Submitted by Heather Harper-Troje
My husband is a United States Foreign Service Officer. When my son was 4 we were stationed in Conakry, Guinea *which is in west Africa). It was our first posting.
My husband is a Foreign Service Officer with the US State Department so we have spent the past sixteen years living primarily overseas and Guinea was our first posting.
My Dad and Step-Mom came to visit us and we decided to take a road trip to a hotel in the interior of the country, located in Dalaba, one of the highest points in the country.
The only thing we knew about the hotel was that it was supposed to be a beautiful, historic building owned by a man who was Belgian. The owner was clearly not used to having guests (Guinea is not a big tourist destination), but he was warm and welcoming and happy to have us there, as far as I ever saw we were the only guests. The hotel was clean, the views of the valley were breathtaking, we had a lovely, simple dinner and decided to turn in so we could explore our surroundings the next day.
There were two twin beds in the room I was sharing with my children, my daughter was two and my son was four. I put my daughter into bed with me and my son in the other bed.
After story time and before lights out my son got up to use the bathroom. He kept the door open, did his business, washed his hands, and then, from the bathroom, I heard him call “what, mommy?” before coming out and looking at me. I said “what, baby?” “You called my name,” he replied. I shook my head and told him I hadn’t.
Just then his eyes grew huge, all the color drained from his face and I said “what’s wrong?” He pointed to the floor under my bed and softly said “mommy, there’s a soldier under your bed holding a cat. He’s looking at me and now he’s going like this …” before moving his index finger to his lips and whispering “shhhhh …” He then scurried forward and took the biggest flying leap I’d ever seen a child take onto my bed, where he burrowed into me and wouldn’t move.
We slept with the lights on, me on the outside of the bed, my babies snuggled into me and each other against the wall.
Bumps in the night
The next morning we went to the dining room, where my Dad and Step-Mom were and, before I could even tell them what had happened, my Dad said “Did you guys hear all that last night?” I said “hear what?” He said “it sounded like furniture was being moved around out here all night long, I can’t believe you didn’t hear it.”
Right then our friends came into the dining room and one said something about how she hoped we’d slept better than they had, what with furniture being moved around all night. The owner came out to greet us and my Dad asked about someone moving furniture around all night. He looked puzzled and said, no, nobody had done that. The furniture was exactly how it had been the night before and my children and I, who had a room very near the dining room and had not slept well, had heard nothing.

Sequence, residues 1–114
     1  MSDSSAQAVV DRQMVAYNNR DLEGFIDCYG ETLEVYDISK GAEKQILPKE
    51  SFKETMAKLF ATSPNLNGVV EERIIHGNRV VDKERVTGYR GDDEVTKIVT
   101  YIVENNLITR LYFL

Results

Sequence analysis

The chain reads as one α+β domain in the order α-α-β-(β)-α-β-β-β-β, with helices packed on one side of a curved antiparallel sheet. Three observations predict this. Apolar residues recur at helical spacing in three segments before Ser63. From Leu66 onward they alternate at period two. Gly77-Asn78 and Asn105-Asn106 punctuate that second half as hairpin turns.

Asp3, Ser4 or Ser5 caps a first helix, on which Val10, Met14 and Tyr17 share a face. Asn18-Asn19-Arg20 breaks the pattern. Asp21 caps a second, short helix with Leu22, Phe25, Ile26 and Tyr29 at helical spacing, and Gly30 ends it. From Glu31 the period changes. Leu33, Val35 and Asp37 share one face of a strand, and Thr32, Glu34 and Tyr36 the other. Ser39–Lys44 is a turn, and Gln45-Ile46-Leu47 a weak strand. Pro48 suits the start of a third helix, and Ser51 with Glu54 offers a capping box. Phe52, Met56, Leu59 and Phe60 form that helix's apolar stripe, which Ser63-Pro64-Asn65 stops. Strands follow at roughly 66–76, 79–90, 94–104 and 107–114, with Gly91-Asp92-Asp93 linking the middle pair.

We ate breakfast and decided to walk to the small village museum — just a one room hut, really. On the walk over I’d told my Dad about what had happened the night before. He was a skeptic but also not someone to negate an experience, so he listened and agreed it sounded terrifying. Zero clue if he believed me at that moment but I appreciated him listening and not poo pooing me.
We walked into the tiny museum and began to look around. There were some old photographs on the wall so I wandered over, leaned in to look and read the captions next to them.
Keep in mind, none of us knew the history of our hotel. This was before Yelp and other travel sites were widely used (at least by us), and our internet in Guinea was spotty at best, so internet research was not a thing. The photographs were of our hotel, before it was a hotel, back when it was a hospital for French soldiers.
The dining room was full of beds, like a hospital ward, with soldiers laying and sitting in them.
Now, at 19, he still remembers that experience. This is a kid who has lived in four countries, travelled to many others, has had experiences that would make your average person break out into hives — the most recent being when he was 17, we were living in Honduras, and he was standing in the bed of a truck with a bunch of armed soldiers speeding down the highway, hanging on for dear life, having a blast. My point is, he’s fearless. But, to this day, when he remembers the soldier under my bed he visibly shudders.
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